Epic Wine-pairing Ideas

Many guests want to break free of the typical wine pairings but often they’re not sure where to start. Petra Polakovicova, wine director at San Francisco’s Epic Steak, shares her insight and suggestions for unexpected wine and food matches.

Steak with Champagne.
I would go for some vintage Champagne or rosé—those are great with meat! Vintage Champagne has more body, with deeper, warmer flavors, and they match the intensity of the steak. The bubbles in Champagne help to “clean” the marbling in steak, leaving you with a fresh, uplifted feeling rather than feeling heavy.

Petra Polakovicova

Petra Polakovicova, wine director at Epic Steak.

Seafood with Japanese sake.
It is kind of unusual because sake is not actually wine. But sake with seared tuna is amazing. Sake is very mild and complements the lightness of tuna. The sake has faint sweetness that matches beautifully with the dish.

Traditional Thanksgiving turkey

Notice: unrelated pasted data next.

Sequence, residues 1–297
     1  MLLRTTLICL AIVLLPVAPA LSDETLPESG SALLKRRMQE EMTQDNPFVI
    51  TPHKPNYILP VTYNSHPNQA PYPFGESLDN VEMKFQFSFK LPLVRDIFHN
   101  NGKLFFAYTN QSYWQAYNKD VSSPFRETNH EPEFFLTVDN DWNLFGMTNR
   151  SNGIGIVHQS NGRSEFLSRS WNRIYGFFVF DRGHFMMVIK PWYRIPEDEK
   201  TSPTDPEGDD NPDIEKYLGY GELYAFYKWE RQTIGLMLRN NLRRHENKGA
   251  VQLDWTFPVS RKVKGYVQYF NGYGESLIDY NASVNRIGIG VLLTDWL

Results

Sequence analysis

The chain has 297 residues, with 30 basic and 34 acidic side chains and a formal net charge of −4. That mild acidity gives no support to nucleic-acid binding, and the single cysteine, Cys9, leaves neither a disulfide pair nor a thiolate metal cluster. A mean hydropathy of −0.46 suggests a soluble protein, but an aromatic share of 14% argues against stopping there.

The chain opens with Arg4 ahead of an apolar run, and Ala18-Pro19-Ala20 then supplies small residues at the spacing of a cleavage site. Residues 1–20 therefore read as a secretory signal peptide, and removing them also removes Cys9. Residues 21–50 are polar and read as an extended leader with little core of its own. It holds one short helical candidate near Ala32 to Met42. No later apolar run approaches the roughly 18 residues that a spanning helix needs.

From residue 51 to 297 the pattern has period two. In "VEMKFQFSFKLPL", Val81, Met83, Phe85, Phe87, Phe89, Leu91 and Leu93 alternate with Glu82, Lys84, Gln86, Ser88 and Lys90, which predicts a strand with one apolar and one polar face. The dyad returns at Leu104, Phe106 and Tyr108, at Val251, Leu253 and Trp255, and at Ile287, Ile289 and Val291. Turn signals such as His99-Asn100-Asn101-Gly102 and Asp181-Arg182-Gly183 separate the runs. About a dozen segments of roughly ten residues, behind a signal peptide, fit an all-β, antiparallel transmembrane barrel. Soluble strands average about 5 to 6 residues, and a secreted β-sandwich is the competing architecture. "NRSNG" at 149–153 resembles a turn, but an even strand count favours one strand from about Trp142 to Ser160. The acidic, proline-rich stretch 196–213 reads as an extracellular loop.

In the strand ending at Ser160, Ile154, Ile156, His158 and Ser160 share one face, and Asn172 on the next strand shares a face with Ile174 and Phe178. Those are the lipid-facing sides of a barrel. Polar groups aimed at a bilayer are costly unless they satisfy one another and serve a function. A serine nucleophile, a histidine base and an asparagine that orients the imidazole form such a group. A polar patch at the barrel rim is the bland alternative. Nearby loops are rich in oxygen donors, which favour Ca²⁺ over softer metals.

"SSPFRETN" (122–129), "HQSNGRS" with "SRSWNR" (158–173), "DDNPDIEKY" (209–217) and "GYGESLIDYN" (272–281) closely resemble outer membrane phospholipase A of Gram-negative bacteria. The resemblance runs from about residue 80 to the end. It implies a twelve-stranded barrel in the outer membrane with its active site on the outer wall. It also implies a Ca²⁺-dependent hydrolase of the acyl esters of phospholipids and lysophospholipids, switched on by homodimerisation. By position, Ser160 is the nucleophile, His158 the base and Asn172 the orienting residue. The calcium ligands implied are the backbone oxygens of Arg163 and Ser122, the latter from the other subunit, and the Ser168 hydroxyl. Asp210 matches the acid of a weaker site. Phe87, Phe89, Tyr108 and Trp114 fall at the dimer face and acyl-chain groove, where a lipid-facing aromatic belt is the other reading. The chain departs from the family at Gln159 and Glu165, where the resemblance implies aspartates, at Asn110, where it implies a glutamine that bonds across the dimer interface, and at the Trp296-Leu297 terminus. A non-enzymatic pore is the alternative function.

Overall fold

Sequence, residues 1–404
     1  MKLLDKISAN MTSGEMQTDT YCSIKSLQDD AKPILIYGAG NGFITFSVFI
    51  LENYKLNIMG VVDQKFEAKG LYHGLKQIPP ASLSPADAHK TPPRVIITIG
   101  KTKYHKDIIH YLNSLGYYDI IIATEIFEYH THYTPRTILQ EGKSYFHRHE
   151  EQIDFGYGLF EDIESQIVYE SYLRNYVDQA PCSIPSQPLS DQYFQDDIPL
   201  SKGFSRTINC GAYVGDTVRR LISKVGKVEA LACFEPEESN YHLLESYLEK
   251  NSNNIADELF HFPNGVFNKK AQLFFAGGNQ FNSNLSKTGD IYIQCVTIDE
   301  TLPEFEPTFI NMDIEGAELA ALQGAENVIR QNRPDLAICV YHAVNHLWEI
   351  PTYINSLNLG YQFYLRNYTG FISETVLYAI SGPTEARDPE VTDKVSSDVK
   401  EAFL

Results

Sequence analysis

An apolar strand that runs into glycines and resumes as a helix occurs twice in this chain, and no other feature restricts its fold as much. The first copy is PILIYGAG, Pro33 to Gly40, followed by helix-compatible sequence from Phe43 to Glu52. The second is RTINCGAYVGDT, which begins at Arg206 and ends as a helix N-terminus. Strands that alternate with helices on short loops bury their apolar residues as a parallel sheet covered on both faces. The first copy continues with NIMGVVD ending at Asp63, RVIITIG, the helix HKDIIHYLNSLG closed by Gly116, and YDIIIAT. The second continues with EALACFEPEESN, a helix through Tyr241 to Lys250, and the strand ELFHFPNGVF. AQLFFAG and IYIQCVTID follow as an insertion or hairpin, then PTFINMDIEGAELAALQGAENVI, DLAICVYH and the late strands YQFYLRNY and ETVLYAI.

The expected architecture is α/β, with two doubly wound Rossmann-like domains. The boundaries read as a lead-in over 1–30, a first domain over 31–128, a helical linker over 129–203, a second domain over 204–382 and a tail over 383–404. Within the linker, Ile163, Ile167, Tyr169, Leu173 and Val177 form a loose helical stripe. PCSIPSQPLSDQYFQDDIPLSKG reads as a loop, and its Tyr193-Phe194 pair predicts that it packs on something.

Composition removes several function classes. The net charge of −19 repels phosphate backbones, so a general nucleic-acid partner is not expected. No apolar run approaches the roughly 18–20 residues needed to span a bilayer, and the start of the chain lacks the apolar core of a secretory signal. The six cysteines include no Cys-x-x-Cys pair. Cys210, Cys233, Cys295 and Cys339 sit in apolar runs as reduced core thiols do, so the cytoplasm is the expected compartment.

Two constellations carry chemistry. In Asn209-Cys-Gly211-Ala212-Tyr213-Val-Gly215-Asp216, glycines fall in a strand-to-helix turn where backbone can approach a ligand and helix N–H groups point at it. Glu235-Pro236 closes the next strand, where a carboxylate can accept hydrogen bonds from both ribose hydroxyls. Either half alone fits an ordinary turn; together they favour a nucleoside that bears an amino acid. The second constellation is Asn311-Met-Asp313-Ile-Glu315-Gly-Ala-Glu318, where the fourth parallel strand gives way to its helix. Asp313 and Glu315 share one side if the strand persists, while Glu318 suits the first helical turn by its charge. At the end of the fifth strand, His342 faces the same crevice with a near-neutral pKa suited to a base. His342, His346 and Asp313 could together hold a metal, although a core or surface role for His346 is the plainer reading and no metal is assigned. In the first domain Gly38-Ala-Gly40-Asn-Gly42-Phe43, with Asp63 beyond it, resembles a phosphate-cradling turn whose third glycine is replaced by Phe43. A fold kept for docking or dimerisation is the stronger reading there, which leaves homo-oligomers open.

dinner with Blaufrankisch
The general “rule” is white meat, white wine, but typical Thanksgiving dinner fare tends to be rich, so you may want wine with more body and richness. Blaufrankisch is a medium-bodied Austrian red, and has nice red berry fruit and spicy notes that will complement the turkey dinner.

Steak tartare with white Burgundy.
Again, one may think you need red wine for red meat. But steak tartare is great with white Burgundy (French chardonnay). Here you have nice, full body white that will complement the intensity of the sides. The bright acidity in wine cuts through the saltiness of the meat, leaving your palate fresh, ready for another bite.

Fried Chicken with Moscato d’Asti.
This is a sweet, effervescent wine. I like the small bubbles to cut through the fried, oily component of the chicken. The sweetness of the wine acts like a honey glaze on the chicken—a nice combination of sweet and savory.

Pork Tenderloin and Roasted Chestnuts with Roussanne.
Going into fall, I really get excited about chestnuts, and I like roasted pork loin with some roasted chestnuts. With that I would drink roussanne. It’s a white wine, so it’s not often paired with pork, but roussanne has nice waxy texture that complements the richness of the dish. The chestnuts and the roasted flavors of the pork highlight the nutty flavors of the wine.

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Author: Melissa Dowling {authorlink}